The reason why CBD is so effective on inflammation and pain is that it indirectly binds  with the cannabinoid receptors in the body, thus inhibiting the normal responses of the immune system – inflammation and pain – that may cause tendonitis to become such a serious condition.
Some more studies that prove CBD help fight inflammation and its resultant pain – issues that make tendonitis a condition to deal with in the first place.
- A 2011 study , published in Neuroscience Letters, revealed that CBD can reduce inflammatory pain in rats by influencing the way their pain receptors respond to stimuli.
- Another article, published in the European Journal of Neuroscience in 2014,  which reviewed all available research on CBD and animals found this phytocannabinoid to be an effective anecdote to treating osteoarthritis pain.
- Another study, published in the same journal in 2016, found that the topical application of CBD can relieve pain and inflammation caused by arthritis. 
- A 2017 study, published in the journal Pain, found evidence of CBD not only being a safe and useful treatment option for osteoarthritic joint pain, but also a potent inhibitor of nerve damage.
- Not only does CBD prevent nerve damage, but it also reduces nerve pain (or neuropathic pain), besides suppressing inflammatory reaction by targeting the α3 glycine receptors. This was revealed in a 2012 study  published in the Journal of Experimental Medicine.
Tendonitis isn’t a very serious condition. However, if left unchecked and untreated for a long time, it may lead to more severe damage to the tendon, like its rupture, which may require surgery.
Over time, like several weeks, tendon irritation may lead to a condition, called tendinosis, which is a more severe form of tendonitis. This is a degenerative and irreversible condition that leads to abnormal growth and regeneration of blood vessels.
Using CBD is not only safe and effective but also convenient. CBD has the potential of enhancing the body’s capacity for dealing with pain, reducing inflammation, as well as allowing to sleep  better so that you can heal faster.
However, never overdo it. Too much use of CBD can reduce inflammation to a great extent, rendering your body’s immune system useless. This can incapacitate your body’s normal ability to inform you about an underlying problem. After all, inflammation is a necessary reaction of the immune system.
According to a study in the Frontiers in Pharmacology, cannabinoids’ anti-inflammatory effect may reduce inflammation too much. 
So, use discretion while using any cannabinoid, including CBD. Like we always say: Start low, go slow!
Oh, and definitely consult your doctor before using CBD for tendonitis.
Stay safe and enjoy life!
- Transdermal cannabidiol reduces inflammation and pain-related behaviours in a rat model of arthritis; European Journal of Pain; October 30, 2015; DC Hammell, LP Zhang, F Ma, SM Abshire, SL McIlwrath, AL Stinchcomb, and KN Westlund; https://www.ncbi.nlm.nih.gov/pmc/articles/PMC4851925/
- Cannabinoid Delivery Systems for Pain and Inflammation Treatment; Molecules; September 27, 2018; Natascia Bruni, Carlo Della Pepa, Simonetta Oliaro-Bosso, Enrica Pessione, Daniela Gastaldi, and Franco Dosio; https://www.ncbi.nlm.nih.gov/pmc/articles/PMC6222489/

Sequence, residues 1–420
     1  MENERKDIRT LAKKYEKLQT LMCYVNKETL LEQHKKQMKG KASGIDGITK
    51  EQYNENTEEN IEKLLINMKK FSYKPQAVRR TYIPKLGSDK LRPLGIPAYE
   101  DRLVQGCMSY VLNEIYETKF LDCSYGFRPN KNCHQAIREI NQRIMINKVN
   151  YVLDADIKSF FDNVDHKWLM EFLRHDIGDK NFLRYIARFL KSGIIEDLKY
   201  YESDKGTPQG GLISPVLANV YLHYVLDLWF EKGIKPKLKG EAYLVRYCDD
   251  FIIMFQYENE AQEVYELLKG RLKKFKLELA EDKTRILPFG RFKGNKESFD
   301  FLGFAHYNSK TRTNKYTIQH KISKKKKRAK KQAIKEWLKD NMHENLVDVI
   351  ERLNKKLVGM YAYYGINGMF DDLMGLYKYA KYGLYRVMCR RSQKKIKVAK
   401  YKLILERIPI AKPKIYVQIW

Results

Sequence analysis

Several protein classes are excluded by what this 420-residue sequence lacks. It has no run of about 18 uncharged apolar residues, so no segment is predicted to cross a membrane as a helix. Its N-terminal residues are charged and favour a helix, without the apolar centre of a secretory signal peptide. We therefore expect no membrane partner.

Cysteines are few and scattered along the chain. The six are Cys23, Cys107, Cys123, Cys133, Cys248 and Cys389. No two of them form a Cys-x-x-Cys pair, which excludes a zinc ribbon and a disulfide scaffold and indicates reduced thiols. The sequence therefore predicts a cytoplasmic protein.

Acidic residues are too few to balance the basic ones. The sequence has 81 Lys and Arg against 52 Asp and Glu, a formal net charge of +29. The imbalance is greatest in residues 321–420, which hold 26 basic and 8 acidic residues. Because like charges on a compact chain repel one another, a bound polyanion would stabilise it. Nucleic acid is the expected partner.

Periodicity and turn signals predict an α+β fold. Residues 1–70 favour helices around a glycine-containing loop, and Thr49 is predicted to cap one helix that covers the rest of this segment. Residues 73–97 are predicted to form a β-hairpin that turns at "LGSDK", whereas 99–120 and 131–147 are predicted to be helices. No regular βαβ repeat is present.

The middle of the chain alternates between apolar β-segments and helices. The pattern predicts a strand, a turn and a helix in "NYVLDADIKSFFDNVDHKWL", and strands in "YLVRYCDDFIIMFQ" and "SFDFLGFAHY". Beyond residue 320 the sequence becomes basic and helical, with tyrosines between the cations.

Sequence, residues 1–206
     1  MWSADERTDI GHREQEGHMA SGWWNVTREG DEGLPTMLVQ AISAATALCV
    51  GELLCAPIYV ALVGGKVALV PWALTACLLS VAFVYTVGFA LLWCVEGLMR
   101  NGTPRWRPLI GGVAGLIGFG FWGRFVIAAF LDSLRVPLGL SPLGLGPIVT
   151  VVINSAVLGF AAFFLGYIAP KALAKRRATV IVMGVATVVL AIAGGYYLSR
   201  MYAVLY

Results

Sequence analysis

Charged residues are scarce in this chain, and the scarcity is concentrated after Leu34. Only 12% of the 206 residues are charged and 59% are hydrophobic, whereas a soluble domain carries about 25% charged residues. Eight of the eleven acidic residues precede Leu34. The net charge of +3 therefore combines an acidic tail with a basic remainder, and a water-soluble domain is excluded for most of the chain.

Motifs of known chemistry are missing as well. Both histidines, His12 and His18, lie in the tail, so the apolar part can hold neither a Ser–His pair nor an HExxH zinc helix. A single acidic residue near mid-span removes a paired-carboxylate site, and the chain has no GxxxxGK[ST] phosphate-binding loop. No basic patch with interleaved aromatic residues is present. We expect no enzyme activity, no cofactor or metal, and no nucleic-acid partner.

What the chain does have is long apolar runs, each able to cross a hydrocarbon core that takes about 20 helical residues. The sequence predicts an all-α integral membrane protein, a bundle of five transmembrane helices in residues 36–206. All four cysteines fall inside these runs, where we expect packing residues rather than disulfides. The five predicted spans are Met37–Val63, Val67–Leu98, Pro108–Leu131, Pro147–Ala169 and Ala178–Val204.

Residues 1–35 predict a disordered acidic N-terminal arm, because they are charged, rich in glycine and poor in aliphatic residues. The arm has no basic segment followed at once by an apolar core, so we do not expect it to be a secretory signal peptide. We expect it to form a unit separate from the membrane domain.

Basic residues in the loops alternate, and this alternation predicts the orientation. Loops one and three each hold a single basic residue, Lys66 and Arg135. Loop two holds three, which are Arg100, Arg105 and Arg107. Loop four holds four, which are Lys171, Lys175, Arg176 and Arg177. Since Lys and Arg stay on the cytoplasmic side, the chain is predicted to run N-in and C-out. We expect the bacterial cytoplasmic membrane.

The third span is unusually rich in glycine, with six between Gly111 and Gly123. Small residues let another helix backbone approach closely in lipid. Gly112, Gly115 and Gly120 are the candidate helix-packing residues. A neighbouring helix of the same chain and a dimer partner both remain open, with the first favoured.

- Role of the Cannabinoid System in Pain Control and Therapeutic Implications for the Management of Acute and Chronic Pain Episodes; Current Neuropharmacology; July 2006; J Manzanares, MD Julian, and A Carrascosa; https://www.ncbi.nlm.nih.gov/pmc/articles/PMC2430692/
- Cannabinoids in the management of difficult to treat pain; Therapeutics and Clinical Risk Management; February 2008; Ethan B Russo; https://www.ncbi.nlm.nih.gov/pmc/articles/PMC2503660/
- Cannabis as a Substitute for Opioid-Based Pain Medication: Patient Self-Report; Cannabis and Cannabinoid Research; June 1, 2017; Amanda Reiman, Mark Welty, and Perry Solomon; https://www.ncbi.nlm.nih.gov/pmc/articles/PMC5569620/
- Pharmacokinetics, Safety, and Clinical Efficacy of Cannabidiol Treatment in Osteoarthritic Dogs; Frontiers in Veterinary Science; July 23, 2018; Lauri-Jo Gamble, Jordyn M Boesch, Christopher W Frye, Wayne S Schwark, Sabine Mann, Lisa Wolfe, Holly Brown, Erin S Berthelsen, and Joseph J Wakshlag; https://www.ncbi.nlm.nih.gov/pmc/articles/PMC6065210/
- The endocannabinoid system in pain and inflammation: Its relevance to rheumatic disease; European Journal of Rheumatology; September 1, 2017; Nicola Barrie and Nicholas Manolios; https://www.ncbi.nlm.nih.gov/pmc/articles/PMC5685274/
- The abnormal cannabidiol analogue O-1602 reduces nociception in a rat model of acute arthritis via the putative cannabinoid receptor GPR55; Neuroscience Letters; June 13, 2011; Schuelert N, McDougall JJ; https://www.ncbi.nlm.nih.gov/pubmed/21683763
- Involvement of the endocannabinoid system in osteoarthritis pain; European Journal of Neurosciences; February 2014; La Porta C, Bura SA, Negrete R, Maldonado R; https://www.ncbi.nlm.nih.gov/pubmed/24494687
- Cannabinoids suppress inflammatory and neuropathic pain by targeting α3 glycine receptors; Journal of Experimental Medicine; June 4, 2012; Wei Xiong, Tanxing Cui, Kejun Cheng, Fei Yang, Shao-Rui Chen, Dan Willenbring, Yun Guan, Hui-Lin Pan, Ke Ren, Yan Xu, and Li Zhang; https://www.ncbi.nlm.nih.gov/pmc/articles/PMC3371734/
- Cannabis, Cannabinoids, and Sleep: a Review of the Literature; Current Psychiatry Report; April 2017; Babson KA, Sottile J, Morabito D; https://www.ncbi.nlm.nih.gov/pubmed/28349316
- Impact of Cannabis, Cannabinoids, and Endocannabinoids in the Lungs; Frontiers in Pharmacology; September 15, 2016; Caroline Turcotte, Marie-Renée Blanchet, Michel Laviolette, and Nicolas Flamand; https://www.ncbi.nlm.nih.gov/pmc/articles/PMC5023687/